Last edited: February 14, 2005

Ohio "Importuning" Law May Face State Supremes

Datalounge, May 4, 2001

JEFFERSON, OH — An Ohio law which makes it a crime to sexually proposition someone of the same sex may be challenged in the Ohio Supreme Court, the gay newspaper Gay People’s Chronicle reports.

Ohio’s "importuning" law makes it is a first-degree misdemeanor to solicit a "person of the same sex to engage in sexual activity, knowing that such solicitation was offensive to the other person or being reckless in that regard." The law does not apply to members of the opposite sex.

The paper says that police often cite the statute in making arrests at cruising areas. Gay men are brought up for violating the statute if they so much as hint to an undercover that they are interested in sex.

The case that may go before the court concerns Eric Thompson, who solicited a jogger. The jogger declined Thompson’s advance and he shrugged it off, but the jogger later complained to police.

Thompson’s attorney, Marie Lane, moved to dismiss the charge, arguing that the state law violates federal and state constitutional guarantees to equal protection under the law. The trial court rejected the motion. As the defendant was on parole for an earlier burglary conviction, Thompson was sentenced to jail and given an additional six months on the "importuning" violation.

Lane appealed to the Ohio Eleventh District Court of Appeals, which upheld the conviction in December 2000, albeit reluctantly. "What is not clear is why [the law] would only apply to same sex solicitation and not to opposite sex solicitation," the appeals court said in its ruling.

Given that the Ohio legislature decriminalized gay sex when in repealing the state’s sodomy law in 1973, the court said, "It is inherently inconsistent for the Ohio legislature to now criminalize homosexual solicitation after it has chosen to decriminalize homosexual conduct between consenting adults."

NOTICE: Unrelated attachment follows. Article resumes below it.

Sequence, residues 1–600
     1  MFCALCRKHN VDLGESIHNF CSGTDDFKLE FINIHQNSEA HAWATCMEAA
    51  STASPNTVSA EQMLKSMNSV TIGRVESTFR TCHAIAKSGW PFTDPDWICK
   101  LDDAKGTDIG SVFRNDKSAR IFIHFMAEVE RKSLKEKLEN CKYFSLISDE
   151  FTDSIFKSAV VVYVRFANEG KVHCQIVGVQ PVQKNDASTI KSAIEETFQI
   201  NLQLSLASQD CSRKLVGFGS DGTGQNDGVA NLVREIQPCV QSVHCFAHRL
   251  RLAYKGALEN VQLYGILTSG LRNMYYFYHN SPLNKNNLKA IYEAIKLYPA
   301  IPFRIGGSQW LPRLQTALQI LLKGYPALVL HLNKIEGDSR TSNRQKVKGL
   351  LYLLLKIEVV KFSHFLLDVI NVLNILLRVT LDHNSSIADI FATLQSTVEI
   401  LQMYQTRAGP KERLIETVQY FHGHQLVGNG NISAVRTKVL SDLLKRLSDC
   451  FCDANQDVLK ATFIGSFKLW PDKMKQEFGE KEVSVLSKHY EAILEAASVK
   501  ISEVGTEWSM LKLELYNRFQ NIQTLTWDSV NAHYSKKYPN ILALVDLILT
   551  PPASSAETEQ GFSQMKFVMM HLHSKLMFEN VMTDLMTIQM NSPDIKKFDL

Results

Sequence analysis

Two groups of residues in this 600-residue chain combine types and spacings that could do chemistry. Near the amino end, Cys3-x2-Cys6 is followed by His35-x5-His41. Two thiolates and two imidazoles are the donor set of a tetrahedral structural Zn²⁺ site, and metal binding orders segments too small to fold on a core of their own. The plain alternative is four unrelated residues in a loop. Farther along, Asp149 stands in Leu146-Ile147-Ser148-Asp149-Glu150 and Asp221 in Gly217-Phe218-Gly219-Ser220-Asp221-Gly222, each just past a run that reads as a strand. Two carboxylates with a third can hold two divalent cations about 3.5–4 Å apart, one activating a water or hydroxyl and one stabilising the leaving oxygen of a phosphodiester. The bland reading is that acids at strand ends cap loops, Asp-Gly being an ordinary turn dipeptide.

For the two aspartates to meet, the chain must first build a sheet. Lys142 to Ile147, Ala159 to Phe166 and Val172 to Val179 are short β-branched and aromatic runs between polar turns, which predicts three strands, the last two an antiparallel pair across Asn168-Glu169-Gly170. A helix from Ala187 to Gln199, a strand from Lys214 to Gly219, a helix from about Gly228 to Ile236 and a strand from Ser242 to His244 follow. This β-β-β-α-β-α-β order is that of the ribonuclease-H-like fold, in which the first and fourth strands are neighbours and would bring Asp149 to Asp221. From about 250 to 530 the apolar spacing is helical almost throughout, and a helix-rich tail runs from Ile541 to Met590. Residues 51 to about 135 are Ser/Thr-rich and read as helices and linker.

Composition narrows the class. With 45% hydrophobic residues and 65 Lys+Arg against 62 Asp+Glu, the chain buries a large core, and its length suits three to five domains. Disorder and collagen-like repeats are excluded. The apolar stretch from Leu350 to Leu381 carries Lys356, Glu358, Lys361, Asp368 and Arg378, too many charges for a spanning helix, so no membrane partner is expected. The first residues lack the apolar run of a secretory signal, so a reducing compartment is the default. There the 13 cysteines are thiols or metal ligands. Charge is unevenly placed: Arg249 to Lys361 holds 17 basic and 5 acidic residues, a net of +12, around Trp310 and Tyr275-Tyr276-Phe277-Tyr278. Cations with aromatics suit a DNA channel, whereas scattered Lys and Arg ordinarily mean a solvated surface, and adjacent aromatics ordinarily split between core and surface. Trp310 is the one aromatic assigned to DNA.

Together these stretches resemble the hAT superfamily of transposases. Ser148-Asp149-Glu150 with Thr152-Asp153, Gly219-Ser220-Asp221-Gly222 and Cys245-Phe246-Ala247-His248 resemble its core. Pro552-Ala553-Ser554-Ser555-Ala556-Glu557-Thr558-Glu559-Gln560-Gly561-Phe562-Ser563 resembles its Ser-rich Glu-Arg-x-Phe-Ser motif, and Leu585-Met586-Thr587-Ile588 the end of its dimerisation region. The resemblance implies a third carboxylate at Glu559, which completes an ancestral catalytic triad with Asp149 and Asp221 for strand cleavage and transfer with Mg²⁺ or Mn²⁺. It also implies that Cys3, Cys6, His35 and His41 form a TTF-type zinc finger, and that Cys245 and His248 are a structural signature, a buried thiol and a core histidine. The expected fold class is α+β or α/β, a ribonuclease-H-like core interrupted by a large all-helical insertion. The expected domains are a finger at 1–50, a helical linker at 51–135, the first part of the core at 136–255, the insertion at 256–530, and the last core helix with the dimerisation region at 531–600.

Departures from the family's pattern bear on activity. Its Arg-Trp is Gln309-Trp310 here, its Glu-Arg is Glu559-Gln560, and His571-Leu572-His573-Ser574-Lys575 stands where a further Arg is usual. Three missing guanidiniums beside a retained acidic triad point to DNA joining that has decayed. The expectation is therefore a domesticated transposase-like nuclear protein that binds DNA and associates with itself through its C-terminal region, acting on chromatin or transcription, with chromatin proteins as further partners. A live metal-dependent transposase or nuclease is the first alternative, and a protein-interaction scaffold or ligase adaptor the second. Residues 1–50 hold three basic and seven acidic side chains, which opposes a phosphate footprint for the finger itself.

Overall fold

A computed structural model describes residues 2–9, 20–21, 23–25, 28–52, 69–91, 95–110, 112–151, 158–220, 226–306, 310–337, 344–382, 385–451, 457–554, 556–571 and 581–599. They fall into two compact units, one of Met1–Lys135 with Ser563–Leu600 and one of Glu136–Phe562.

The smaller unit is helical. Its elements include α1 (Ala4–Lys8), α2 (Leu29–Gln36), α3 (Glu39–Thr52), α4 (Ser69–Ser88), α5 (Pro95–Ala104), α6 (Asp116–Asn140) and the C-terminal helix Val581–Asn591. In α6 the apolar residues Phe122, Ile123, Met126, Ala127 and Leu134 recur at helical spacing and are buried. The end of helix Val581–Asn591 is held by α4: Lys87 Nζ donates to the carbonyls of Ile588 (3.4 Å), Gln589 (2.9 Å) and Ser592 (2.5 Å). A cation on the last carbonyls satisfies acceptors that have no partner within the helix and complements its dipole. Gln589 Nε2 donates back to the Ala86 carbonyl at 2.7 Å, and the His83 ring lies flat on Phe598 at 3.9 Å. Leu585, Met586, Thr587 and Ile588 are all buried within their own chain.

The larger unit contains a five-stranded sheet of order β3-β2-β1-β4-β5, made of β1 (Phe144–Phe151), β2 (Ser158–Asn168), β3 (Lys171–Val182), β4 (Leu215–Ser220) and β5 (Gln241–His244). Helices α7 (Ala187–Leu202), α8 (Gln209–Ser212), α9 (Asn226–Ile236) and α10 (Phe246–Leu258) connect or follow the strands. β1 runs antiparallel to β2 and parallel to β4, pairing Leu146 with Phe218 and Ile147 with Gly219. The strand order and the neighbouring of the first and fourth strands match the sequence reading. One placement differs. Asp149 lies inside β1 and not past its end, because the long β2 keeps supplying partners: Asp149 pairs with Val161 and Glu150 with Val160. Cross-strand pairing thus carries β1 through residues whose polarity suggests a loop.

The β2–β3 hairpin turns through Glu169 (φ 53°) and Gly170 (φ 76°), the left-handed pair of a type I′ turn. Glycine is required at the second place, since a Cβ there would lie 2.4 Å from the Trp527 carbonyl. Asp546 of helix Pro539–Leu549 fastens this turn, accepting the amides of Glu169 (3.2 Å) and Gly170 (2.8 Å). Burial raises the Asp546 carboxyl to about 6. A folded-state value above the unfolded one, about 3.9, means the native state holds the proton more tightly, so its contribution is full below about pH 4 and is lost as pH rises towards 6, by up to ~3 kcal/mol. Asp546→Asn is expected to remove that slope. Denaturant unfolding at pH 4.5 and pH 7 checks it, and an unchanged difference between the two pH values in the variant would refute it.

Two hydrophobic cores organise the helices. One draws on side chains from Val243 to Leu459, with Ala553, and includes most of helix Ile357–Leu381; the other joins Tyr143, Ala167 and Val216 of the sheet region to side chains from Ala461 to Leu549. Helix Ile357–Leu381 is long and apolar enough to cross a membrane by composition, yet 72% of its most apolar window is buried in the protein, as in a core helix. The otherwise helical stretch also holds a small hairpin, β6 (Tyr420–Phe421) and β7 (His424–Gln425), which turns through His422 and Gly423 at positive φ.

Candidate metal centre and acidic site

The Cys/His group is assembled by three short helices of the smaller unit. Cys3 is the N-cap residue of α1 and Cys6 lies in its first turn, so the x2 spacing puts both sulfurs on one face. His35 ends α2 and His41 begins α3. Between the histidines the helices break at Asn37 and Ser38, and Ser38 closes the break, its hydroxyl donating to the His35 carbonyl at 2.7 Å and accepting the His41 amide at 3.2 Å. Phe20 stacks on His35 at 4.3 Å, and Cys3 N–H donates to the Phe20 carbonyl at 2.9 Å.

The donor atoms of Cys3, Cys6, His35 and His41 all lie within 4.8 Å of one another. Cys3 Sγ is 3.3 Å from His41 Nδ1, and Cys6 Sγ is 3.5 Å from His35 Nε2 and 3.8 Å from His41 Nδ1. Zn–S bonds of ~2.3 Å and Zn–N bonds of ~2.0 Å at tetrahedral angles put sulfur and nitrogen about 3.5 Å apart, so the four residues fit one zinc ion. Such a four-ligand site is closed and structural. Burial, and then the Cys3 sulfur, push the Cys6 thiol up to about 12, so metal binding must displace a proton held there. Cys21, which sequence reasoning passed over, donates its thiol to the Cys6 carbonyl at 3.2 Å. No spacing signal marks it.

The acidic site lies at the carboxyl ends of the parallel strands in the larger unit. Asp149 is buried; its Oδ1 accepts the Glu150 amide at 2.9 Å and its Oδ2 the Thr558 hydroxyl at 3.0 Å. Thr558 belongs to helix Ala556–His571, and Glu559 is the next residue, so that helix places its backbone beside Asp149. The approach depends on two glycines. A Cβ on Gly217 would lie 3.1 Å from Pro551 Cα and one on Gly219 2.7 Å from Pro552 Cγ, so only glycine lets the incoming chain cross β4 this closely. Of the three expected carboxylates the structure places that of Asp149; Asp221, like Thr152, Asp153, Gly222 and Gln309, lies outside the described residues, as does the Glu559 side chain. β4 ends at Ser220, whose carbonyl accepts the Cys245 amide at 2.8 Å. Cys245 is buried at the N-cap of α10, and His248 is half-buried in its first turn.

"Further," the court continued, "it is without a doubt that heterosexual solicitation may be equally repugnant, offensive, and inciteful to violence as homosexual solicitation."

Despite these misgivings, the appeals court was forced by precedent in upholding the conviction, noting the Ohio Supreme Court upheld the importuning law on two separate occasions. Lane says that because one earlier challenge was based on different constitutional arguments, and the other did not provide a published decision, the precedents are non-binding.

State prosecutors argued the importuning law did not violate equal protection provisions, since any person soliciting a member of the same sex, regardless of whether they were gay or not, could be charged under the law. The appeals court offered a withering rebuttal to the argument.

"It is somewhat unnerving to find that the ‘pregnant men are treated the same as pregnant women’ rationale is alive and well today," the court wrote. The appeals court also urged the Ohio Supreme Court to look into the matter and provide a written decision based on the equal protection argument.

The justices serving on the state high court have not yet announced whether they will hear the case.

[Home] [News] [Ohio]